Defending, or at least understanding, Andrew Bynum

During our ESPN LA.com Media Day broadcast, there may have been no more interesting -- and potentially controversial -- exchange than one involving Andrew Bynum. By then, it was old news his offseason knee surgery revealed more damage than expected and his anticipated absence during the preseason could extend into the regular season. Bynum is targeting late-November for his return. Delaying surgery until mid-July to accommodate an overseas vacation was endorsed by Phil Jackson and the front office alike, as all signs pointed towards a relatively minor procedure and rehab.

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Andrew Bynum missing games has become as inevitable as death and taxes.

But we wondered, knowing what Bynum knows now, if he would have altered his time line? He said he wouldn't:

"Nope. I had to have the surgery when I was ready for it. I was coming off the emotional high of going out and winning your second championship. I just kind of needed a little me time. Me and the family. I just took it from there. I went to go see the World Cup, it was a great time for me, one of the best of my life. I got to stay on safari. And then when I got back home, I took care of business."

This unfiltered wasn't what either of us expected to hear. We debated the issue the following day during a Sunday broadcast of ESPNLA.com On Air, my brother somewhat undecided on how he felt and me okay with the decision. Since then, Brian has expressed unhappiness with Bynum's call.

I remain okay with the decision.

Before I present my opinion, I want to make clear my expectations of being in the minority, along with my awareness of the legitimate reasons for displeasure with Bynum's statement. The Lakers are attempting to keep this championship train rolling, and Bynum is a big piece of the puzzle. These missed games could affect the team's overall record, which could jeopardize home court advantage throughout the playoffs. Bynum has already missed considerable time due to injury throughout his career, which has possibly affected his growth as a player and without question limited his comfort level playing alongside Pau Gasol. These are legitimate issues.

Plus, for many fans, there is a principle involved. Yes, Bynum isn't even 23 yet, and most folks have a lot of growing up to do at such a tender young age. However, they're typically not offered an eight figure salary as an incentive for rapid maturity. Players making $14 million are expected to be accountable professionals, which in this case means exhibiting a thorough concern for the team employing them. At face value, I understand why fans might label Bynum's willingness to delay the surgery, even in the face of games missed, as something showing questionable dedication to the Lakers.

But looking deeper, I'm reminded of Bynum gutting through the playoffs on one leg last season. And I'm compelled to examine Bynum's words explaining himself; how he needed to be "ready" for the surgery, how he expressed a desire for "me time" after coming off an "emotional high," and talked about the importance of being with family and about taking "care of business" once he returned home.

I'm sure Bynum felt a World Cup and European jaunt would be a unique and fun experience, but I wonder if the trip may not have been about indelible memories as much as it was about what he needed to forget:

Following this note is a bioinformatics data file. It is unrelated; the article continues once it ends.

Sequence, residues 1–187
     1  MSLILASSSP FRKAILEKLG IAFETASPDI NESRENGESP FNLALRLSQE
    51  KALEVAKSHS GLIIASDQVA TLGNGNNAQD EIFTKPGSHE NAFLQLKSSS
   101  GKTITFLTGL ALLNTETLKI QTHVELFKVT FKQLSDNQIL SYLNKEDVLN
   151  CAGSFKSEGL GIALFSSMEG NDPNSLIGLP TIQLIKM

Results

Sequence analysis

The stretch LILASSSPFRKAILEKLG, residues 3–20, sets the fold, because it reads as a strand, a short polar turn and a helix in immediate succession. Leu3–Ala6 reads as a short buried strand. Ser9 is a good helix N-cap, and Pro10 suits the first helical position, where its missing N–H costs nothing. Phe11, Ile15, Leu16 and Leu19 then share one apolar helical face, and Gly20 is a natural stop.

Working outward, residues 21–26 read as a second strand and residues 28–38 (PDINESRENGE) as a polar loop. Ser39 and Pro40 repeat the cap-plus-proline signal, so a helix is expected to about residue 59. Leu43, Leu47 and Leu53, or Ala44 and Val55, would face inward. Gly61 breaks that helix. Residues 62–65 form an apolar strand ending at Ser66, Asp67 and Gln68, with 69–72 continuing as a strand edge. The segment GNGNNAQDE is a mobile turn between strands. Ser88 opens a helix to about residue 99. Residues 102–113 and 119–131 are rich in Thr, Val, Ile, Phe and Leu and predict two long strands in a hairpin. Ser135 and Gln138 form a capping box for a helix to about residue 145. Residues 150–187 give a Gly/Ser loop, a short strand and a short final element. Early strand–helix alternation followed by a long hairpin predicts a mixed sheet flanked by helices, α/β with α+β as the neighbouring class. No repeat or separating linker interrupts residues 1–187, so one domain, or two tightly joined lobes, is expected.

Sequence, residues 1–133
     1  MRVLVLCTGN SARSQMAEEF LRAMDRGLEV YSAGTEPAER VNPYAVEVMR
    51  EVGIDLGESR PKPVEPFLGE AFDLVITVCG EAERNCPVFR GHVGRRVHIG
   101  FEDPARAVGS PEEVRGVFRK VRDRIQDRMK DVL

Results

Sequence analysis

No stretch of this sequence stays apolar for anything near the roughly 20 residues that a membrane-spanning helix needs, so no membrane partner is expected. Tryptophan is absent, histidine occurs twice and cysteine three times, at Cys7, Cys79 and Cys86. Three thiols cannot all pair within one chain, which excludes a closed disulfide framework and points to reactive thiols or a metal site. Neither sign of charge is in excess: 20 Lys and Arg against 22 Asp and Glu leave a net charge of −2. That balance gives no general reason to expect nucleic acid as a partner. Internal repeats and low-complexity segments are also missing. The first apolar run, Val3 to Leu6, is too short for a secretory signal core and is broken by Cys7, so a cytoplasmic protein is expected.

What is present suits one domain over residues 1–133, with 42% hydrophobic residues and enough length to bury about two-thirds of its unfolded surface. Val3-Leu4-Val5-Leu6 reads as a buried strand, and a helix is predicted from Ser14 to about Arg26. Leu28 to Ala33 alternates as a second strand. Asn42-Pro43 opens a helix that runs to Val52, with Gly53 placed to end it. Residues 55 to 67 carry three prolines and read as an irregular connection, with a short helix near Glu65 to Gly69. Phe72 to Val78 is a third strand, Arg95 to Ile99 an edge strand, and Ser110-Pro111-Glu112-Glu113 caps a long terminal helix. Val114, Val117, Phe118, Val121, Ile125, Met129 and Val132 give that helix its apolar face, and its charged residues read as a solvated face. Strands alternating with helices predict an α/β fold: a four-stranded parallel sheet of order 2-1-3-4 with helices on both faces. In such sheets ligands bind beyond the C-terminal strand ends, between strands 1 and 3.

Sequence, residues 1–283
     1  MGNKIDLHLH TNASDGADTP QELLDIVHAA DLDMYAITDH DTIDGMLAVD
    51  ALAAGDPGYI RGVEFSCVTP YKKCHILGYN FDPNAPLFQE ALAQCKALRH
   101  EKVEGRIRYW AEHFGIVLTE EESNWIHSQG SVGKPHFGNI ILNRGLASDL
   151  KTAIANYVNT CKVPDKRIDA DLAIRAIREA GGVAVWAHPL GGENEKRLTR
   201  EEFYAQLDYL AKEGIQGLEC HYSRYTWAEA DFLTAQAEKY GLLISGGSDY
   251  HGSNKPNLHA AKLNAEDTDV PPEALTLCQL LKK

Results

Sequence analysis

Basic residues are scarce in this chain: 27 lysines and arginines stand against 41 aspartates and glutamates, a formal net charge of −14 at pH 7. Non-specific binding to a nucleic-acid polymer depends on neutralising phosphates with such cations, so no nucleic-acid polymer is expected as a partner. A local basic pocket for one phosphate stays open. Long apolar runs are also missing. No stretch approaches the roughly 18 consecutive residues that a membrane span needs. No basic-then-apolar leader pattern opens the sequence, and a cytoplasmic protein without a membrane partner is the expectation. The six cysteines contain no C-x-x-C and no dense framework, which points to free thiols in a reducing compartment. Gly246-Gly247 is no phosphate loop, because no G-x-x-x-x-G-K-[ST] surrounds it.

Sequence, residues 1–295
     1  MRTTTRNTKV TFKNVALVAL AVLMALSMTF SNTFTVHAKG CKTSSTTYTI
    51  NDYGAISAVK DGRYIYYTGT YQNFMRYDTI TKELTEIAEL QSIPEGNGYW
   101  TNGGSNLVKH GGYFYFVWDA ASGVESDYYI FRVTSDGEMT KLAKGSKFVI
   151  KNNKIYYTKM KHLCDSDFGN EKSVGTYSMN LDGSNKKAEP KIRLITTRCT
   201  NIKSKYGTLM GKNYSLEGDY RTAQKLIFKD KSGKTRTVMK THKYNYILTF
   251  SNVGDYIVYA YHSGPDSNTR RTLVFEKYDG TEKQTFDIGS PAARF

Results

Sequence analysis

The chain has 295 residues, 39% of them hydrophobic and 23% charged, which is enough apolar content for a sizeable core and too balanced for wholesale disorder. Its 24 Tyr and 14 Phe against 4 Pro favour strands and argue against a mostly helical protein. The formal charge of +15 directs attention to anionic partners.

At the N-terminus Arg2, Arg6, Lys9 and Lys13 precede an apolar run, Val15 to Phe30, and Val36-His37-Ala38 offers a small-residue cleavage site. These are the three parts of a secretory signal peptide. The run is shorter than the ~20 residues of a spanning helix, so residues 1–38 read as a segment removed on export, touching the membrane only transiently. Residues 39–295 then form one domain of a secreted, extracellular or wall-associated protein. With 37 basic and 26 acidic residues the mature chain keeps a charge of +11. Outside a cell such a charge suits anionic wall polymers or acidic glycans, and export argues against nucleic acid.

Nobody is more aware of Bynum's mental state than Bynum himself. It seems clear after two consecutive seasons playing with increasingly severe injuries (the most recent proving even more difficult than initially imagined), and however many rehabs, over the last three seasons, he felt some downtime was necessary for his well being. Yes, playing through pain and rehabbing your body is part of a professional athlete's gig, but that doesn't mean everyone reacts to the grind in lockstep. The process is more taxing for some than others, and as much as we love to see athletes "tough out" any challenge, they remain human beings who sometimes yearn for time away from their jobs.

Just like you and I often yearn for time away from our jobs. It's a universal desire, even among those who consider themselves company men through and through.

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Bynum didn't seem like an indifferent athlete during the playoffs.

I suspect Bynum felt like going (more or less) straight from the playoff grind to the operating room to the rehab center to the Staples Center without some time devoted to recharging his batteries would put him at risk of being mentally fried at some point during the season. Maybe he felt this would ultimately render him less productive on the whole, especially during the playoffs, than taking the summer break. Maybe he felt to be as fresh as possible when it counts the most, he needed to risk sacrificing the games that, relatively speaking, mean the least. Maybe he feels his professional life is most productive when his personal life is balanced.

If that's the case, I don't know if I'd go so far as to say I "condone" the decision, since it's an undeniably complicated question. But because I can imagine where Bynum might be coming from, I also don't feel enough indignation to condemn it.

Mind you, if Bynum hadn't just toughed out this postseason so admirably, I would absolutely join those questioning his dedication and priorities. However, since Drew didn't attempt to have his cake while eating it, I'll cut him some slack. Nobody endures such discomfort and pain unless they care about their team and its success.